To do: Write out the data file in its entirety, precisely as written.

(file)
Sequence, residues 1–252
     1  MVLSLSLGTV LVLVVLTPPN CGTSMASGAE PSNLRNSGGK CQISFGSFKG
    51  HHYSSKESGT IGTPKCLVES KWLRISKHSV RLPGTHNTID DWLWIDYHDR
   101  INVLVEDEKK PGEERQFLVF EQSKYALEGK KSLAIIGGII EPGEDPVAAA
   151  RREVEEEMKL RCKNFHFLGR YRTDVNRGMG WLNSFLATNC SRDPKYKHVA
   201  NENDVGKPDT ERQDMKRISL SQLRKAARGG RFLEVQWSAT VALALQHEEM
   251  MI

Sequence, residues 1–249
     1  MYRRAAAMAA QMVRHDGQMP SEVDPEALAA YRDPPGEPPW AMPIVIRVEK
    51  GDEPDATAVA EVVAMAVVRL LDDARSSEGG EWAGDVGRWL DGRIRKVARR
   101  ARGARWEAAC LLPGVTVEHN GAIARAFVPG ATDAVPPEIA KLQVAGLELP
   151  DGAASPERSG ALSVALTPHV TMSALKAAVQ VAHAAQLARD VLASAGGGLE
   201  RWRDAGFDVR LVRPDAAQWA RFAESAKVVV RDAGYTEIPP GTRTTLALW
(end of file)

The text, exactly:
Sequence, residues 1–252
     1  MVLSLSLGTV LVLVVLTPPN CGTSMASGAE PSNLRNSGGK CQISFGSFKG
    51  HHYSSKESGT IGTPKCLVES KWLRISKHSV RLPGTHNTID DWLWIDYHDR
   101  INVLVEDEKK PGEERQFLVF EQSKYALEGK KSLAIIGGII EPGEDPVAAA
   151  RREVEEEMKL RCKNFHFLGR YRTDVNRGMG WLNSFLATNC SRDPKYKHVA
   201  NENDVGKPDT ERQDMKRISL SQLRKAARGG RFLEVQWSAT VALALQHEEM
   251  MI

Sequence, residues 1–249
     1  MYRRAAAMAA QMVRHDGQMP SEVDPEALAA YRDPPGEPPW AMPIVIRVEK
    51  GDEPDATAVA EVVAMAVVRL LDDARSSEGG EWAGDVGRWL DGRIRKVARR
   101  ARGARWEAAC LLPGVTVEHN GAIARAFVPG ATDAVPPEIA KLQVAGLELP
   151  DGAASPERSG ALSVALTPHV TMSALKAAVQ VAHAAQLARD VLASAGGGLE
   201  RWRDAGFDVR LVRPDAAQWA RFAESAKVVV RDAGYTEIPP GTRTTLALW